The Critics: Underroads


The Barron: 22-25 February

As we are ushered into our seats we become refugees waiting to get on a boat, as are the rest of the characters in the play. Together we are trying to escape the rising water levels of what seems to be a post-apocalyptic world. As we are roughed up, ordered to change seats with each other and quizzed about hope, anxiety (and where I got my coat), it becomes apparent that there is more to this play than we were expecting. Yet this, along with a flooded stage, creatures walking around and peering at the audience and decapitated heads, is still not as bizarre as the fact that Underroads is the director’s Sustainable Development dissertation.

So far I have described the type of performance I could easily hate. It is a university play persuading its audience to save the world through abstract principles. Risky methods were also used in the play’s creation. Partly written by a group of students, partly improvised by the actors themselves, it appears that this play had so much potential to go wrong. That said, I was impressed at how well the performance avoided the many clichés associated with metatheatre. At no point did I get the uncomfortable “student play” lurch. I think that the abstract nature of the play was used well to invoke an emotional response from the audience as a foreboding insight into the chaos our world could become. In this way, Underroads avoids taking a lecture-like approach to Sustainable Development and instead just makes you jump out of your seat.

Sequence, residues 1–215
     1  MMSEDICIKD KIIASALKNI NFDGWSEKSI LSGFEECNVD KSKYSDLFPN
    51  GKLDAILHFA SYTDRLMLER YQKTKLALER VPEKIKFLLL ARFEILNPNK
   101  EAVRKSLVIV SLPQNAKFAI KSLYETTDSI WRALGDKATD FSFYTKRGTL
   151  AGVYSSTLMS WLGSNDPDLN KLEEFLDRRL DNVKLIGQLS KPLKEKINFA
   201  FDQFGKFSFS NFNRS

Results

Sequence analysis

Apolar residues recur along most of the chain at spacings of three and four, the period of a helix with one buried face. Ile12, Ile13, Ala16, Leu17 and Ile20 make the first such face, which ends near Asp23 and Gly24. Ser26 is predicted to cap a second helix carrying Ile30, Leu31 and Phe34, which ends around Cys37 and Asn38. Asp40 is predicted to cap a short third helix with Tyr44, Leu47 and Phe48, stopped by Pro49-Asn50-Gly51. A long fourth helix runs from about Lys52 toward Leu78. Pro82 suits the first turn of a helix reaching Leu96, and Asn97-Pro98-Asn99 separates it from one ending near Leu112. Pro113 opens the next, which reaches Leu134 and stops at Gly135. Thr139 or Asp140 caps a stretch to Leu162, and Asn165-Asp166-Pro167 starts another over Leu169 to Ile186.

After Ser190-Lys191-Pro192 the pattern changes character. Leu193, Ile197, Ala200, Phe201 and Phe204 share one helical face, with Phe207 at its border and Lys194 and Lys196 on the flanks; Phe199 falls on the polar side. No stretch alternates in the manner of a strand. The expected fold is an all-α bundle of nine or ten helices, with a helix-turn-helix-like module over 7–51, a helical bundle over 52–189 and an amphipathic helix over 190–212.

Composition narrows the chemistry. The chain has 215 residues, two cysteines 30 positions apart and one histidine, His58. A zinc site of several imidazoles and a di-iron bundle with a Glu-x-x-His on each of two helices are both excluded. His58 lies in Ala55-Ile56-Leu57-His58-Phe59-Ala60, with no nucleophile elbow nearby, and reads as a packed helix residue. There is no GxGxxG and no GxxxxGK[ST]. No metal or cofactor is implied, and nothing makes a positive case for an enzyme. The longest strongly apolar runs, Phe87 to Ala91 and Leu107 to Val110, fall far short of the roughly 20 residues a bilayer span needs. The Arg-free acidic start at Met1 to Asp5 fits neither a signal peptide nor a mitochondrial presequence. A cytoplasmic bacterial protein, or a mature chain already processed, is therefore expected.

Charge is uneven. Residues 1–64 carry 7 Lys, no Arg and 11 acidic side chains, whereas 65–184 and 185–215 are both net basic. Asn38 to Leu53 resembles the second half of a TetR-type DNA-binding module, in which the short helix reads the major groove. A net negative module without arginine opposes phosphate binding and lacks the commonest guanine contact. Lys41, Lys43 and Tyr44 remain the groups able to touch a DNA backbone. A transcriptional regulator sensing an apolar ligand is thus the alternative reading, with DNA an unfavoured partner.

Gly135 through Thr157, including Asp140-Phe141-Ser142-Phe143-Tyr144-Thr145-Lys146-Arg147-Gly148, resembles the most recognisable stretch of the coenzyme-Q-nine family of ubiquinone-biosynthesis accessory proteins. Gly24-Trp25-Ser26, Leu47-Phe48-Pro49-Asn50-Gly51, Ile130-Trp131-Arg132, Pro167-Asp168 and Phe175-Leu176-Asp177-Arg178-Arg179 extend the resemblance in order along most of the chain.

Nevertheless, there is little in terms of plot. Though Greek myth is used to tie up the narrative, the play itself is a jumble of subplots thrown at the audience and then left to be pieced together in their own time. What makes this play a success is that, amongst the chaos on stage, there are beautiful scenes that allude to untold stories. A personal highlight was a scene in which a man, in dignified silence, wiggles into a dress and solemnly dances arm in arm with the harbour’s guard. The strength of acting in this scene steers away from the comic capabilities and was handled in such a mature way that I got chills. The humorous conclusion of the play, leading the audience away from the Barron and towards the Russell Hotel’s bar, provides time for the audience to quiz members of the cast and come away feeling satisfied they may have understood most things.

Overall this play is a mature and innovative depiction of a dystopia. Fans of T.S Eliot’s Wasteland and even Children Of Men shall not be disappointed. Looks like the director, Mr Sonia-Wallace is up for full marks on his project.

Mariko Primarolo


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